Following Sen. Brown Request, Department of Homeland Security Agrees to Deploy Military-Grade Radar to Combat Increased Airborne Drug Smuggling Across US-Canada Border by November 2011

In 2009, Three Northeast Ohio Residents Sought to Smuggle 100 Pounds of Hydroponic Marijuana into Ohio through Northern Border

Recent Reports Show Incidents of Drug Smuggling Along Northern Border Increasing—Federal Investigation Says Small, Low-Flying Planes Commonly Used

Washington State-Based Pilot Program Showed Radar to Be Effective in Identifying and Catching Drug Smugglers

WASHINGTON, D.C.Following a request from U.S. Sen. Sherrod Brown (D-OH)—along with other border state senators—the U.S. Department of Homeland Security today agreed to deploy military-grade radar technology to combat the illegal smuggling of drugs into the United States from Canada and to have that program in place by November of this year. Today, at a hearing of the Senate Judiciary Subcommittee on Immigration, Refugees and Border Security, Alan Bersin— Commissioner of the U.S. Customs and Border Protection bureau at the U.S. Department of Homeland Security—testified that DHS plans to have the system set up, at the senators’ request, by this November.

In February, Brown—along with U.S. Senators Herb Kohl (D-WI), Bob Casey (D-PA), Jon Tester (D-MT), Charles E. Schumer (D-NY), and Kirsten Gillibrand (D-NY)—urged federal authorities to this technology to help crack down on drug smuggling.  In a letter to Department of Homeland Security Secretary Janet Napolitano and Defense Secretary Robert Gates, the senators urged the two federal agencies to deploy proven military radar technology to stop drug smugglers who use small aircrafts along the northern border.

“The government should employ all available resources to combat drug smuggling—on both the northern and southern borders of the United States,” Brown said. “The technology to prevent drug smuggling through low-flying aircraft is available and has a track record of success when used elsewhere in the United States. I’m pleased that the Department of Homeland Security has agreed to have this program up and running by November of this year and I applaud the agency for their work to help combat illegal drug trafficking in our country.”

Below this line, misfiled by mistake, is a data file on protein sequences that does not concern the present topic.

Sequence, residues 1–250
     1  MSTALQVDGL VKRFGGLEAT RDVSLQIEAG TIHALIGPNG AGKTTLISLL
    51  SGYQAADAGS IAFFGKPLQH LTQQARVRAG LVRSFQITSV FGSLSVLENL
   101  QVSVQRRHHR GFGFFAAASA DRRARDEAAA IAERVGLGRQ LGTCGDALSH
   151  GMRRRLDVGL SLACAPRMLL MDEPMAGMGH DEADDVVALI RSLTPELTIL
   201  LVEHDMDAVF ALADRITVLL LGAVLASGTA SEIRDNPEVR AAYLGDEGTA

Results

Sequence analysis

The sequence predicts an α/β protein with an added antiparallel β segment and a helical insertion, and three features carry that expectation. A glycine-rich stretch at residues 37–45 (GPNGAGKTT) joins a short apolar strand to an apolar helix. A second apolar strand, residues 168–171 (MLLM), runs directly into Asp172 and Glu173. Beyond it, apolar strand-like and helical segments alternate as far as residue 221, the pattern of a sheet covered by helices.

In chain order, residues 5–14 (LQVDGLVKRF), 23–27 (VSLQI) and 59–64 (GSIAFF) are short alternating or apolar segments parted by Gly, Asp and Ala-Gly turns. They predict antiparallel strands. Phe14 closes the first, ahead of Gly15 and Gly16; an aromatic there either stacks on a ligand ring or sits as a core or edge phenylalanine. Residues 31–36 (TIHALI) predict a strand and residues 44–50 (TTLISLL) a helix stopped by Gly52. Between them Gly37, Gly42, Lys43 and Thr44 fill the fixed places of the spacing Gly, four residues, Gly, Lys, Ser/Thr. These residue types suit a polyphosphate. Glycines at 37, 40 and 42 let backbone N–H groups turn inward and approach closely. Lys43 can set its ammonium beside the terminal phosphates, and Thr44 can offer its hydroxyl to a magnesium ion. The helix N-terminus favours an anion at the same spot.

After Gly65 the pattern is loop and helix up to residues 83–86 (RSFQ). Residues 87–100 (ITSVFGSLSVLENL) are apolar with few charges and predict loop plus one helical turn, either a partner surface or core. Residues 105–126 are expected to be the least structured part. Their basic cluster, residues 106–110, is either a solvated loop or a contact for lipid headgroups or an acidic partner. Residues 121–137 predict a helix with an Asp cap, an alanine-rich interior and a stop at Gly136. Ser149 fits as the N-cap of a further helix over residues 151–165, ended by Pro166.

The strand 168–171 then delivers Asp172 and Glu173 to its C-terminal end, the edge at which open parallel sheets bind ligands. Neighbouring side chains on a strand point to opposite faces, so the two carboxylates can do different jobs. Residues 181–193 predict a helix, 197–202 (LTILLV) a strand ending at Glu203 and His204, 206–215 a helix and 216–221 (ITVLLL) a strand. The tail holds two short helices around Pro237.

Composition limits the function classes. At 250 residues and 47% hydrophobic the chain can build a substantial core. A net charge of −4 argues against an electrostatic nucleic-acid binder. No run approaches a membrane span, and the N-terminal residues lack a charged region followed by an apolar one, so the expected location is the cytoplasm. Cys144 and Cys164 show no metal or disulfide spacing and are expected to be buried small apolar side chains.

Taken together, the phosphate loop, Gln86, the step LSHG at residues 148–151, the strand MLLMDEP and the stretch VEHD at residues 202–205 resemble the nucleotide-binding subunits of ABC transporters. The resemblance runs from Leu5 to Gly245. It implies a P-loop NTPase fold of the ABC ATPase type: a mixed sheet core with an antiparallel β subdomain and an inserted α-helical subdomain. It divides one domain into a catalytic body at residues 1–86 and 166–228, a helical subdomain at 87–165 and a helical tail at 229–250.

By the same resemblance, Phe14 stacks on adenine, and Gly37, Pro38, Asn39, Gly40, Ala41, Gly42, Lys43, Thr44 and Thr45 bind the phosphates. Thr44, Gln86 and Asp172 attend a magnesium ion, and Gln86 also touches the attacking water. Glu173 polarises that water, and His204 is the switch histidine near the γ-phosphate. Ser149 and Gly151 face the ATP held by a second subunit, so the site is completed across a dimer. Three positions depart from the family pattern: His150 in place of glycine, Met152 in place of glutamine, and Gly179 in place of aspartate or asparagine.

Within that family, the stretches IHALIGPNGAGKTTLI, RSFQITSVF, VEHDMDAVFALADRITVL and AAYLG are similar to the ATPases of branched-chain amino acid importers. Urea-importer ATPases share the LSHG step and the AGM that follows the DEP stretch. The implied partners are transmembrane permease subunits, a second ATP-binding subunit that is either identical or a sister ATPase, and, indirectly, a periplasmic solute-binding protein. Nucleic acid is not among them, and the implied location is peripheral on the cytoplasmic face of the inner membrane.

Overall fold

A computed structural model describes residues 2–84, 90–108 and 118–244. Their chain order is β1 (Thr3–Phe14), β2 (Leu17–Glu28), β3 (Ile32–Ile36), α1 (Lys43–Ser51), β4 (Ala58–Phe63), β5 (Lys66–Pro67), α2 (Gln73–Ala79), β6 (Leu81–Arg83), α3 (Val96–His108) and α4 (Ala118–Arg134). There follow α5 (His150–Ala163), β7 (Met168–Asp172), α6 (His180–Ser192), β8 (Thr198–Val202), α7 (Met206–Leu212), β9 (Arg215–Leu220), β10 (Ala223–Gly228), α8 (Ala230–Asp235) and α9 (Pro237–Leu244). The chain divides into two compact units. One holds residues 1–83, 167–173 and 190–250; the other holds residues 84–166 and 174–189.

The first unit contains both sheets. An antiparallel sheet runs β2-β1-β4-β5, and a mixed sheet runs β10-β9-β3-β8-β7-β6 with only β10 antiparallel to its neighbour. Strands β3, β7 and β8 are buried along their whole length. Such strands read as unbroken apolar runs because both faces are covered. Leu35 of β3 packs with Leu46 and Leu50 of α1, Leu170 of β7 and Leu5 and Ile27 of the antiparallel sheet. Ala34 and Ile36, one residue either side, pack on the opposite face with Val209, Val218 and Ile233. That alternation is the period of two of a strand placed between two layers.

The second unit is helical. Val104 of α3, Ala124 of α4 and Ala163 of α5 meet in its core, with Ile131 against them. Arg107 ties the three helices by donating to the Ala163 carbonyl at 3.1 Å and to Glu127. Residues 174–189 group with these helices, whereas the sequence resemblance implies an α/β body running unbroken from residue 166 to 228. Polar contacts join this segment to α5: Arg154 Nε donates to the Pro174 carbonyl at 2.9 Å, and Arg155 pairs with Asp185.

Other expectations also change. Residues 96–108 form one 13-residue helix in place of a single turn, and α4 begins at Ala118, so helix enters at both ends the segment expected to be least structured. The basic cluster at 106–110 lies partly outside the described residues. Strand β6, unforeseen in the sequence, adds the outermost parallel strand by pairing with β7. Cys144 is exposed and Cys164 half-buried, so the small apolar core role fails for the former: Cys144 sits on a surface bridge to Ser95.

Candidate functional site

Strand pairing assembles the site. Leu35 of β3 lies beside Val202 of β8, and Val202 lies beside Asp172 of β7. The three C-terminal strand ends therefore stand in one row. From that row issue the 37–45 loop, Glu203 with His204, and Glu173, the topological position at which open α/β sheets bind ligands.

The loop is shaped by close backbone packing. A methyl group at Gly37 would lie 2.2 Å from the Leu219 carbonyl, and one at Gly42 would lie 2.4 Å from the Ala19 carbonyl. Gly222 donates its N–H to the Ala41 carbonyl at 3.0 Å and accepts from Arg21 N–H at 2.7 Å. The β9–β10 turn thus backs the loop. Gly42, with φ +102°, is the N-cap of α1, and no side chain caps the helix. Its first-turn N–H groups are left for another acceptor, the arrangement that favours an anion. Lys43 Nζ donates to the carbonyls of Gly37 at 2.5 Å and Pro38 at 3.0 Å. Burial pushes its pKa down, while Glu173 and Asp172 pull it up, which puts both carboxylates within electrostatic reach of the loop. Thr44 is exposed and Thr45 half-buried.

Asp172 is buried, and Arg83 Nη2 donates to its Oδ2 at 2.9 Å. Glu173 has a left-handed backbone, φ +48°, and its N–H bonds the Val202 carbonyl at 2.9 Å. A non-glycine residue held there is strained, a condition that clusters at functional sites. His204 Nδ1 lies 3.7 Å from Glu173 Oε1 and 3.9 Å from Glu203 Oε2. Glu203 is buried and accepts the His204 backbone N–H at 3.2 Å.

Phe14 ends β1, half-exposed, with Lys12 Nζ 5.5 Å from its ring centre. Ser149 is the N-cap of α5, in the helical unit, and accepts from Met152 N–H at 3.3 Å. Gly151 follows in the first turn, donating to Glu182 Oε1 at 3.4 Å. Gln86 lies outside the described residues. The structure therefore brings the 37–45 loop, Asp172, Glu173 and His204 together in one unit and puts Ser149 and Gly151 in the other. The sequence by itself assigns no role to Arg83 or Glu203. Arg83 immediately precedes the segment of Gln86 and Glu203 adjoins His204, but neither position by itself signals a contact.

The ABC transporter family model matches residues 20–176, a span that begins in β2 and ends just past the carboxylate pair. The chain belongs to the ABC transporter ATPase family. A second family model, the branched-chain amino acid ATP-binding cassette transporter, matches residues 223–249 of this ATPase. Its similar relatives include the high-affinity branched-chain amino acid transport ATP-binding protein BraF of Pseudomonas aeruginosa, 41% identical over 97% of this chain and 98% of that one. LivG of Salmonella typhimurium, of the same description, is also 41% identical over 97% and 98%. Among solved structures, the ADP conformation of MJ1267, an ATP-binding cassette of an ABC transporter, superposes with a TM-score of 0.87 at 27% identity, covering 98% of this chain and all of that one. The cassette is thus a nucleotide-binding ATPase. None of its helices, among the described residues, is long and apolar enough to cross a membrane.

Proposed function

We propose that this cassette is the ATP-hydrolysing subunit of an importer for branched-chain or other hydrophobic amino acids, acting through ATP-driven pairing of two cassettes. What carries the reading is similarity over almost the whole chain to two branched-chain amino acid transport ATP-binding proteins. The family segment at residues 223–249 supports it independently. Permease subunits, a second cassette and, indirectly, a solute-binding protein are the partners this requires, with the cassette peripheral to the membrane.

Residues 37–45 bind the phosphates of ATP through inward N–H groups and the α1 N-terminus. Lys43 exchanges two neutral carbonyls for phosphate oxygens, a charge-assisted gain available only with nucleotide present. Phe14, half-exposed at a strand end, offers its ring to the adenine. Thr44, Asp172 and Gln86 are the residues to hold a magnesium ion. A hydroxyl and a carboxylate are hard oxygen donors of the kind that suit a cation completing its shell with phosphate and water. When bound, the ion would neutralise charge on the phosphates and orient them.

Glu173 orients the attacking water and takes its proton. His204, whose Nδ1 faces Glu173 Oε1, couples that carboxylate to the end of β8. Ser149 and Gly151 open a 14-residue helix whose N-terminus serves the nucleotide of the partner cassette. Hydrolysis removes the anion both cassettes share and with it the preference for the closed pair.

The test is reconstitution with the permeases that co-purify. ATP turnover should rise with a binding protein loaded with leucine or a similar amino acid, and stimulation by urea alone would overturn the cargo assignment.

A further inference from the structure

In 2009, federal law enforcement officials uncovered a drug-smuggling operation along the Northern border involving three Northeast Ohio residents. According to reports, the Ohio residents planned trips to the New York – Canadian border, with the goal of bringing 100 pounds of hydroponic marijuana back to Ohio after each trip.

In the initial request to Secretaries Napolitano and Gates, the senators pointed to the success of Operation Outlook, a pilot program run between 2005 to 2008 involving cooperation between the Department of Homeland Security (DHS) and the Department of Defense (DOD), which used sophisticated military radar technology along the Spokane, WA sector of the northern border to catch low-flying aircraft that would otherwise not have been caught with the current technology used by DHS. 

According to the Border Patrol, Operation Outlook “successfully identified air-related smuggling trends and patterns and organizations active in cross-border criminal activities” along the Spokane sector.  The senators are urging the feds to resume and expand the program.

The senators also urged that radar technology be included in the northern border counter-narcotics strategy currently being developed by the Office of National Drug Control Policy (ONDCP).  The office is required to develop such a strategy as part of the Northern Border Counternarcotics Strategy Act, passed by congress last year.

The increases in illegal drug smuggling across the U.S.-Canada border represent a real and serious threat.  The Government Accountability Office (GAO) released a report in November 2010 signaling that “cross-border use of low-flying aircraft to smuggle drugs has been much higher than indicated by the number of drug seizures.”  In addition, a recent report from Hearst Newspapers indicates that “drug gangs ratcheted up shipments” of illegal drugs over the border during the last decade.

Given the success of Operation Outlook, and given the alarming increase in smuggling activity along the U.S.-Canada border, the senators wrote that they “stand ready to help with any legislation necessary to further…[the] mission of protecting America.”

A copy of the original letter to Secretaries Napolitano and Gates can be found here.


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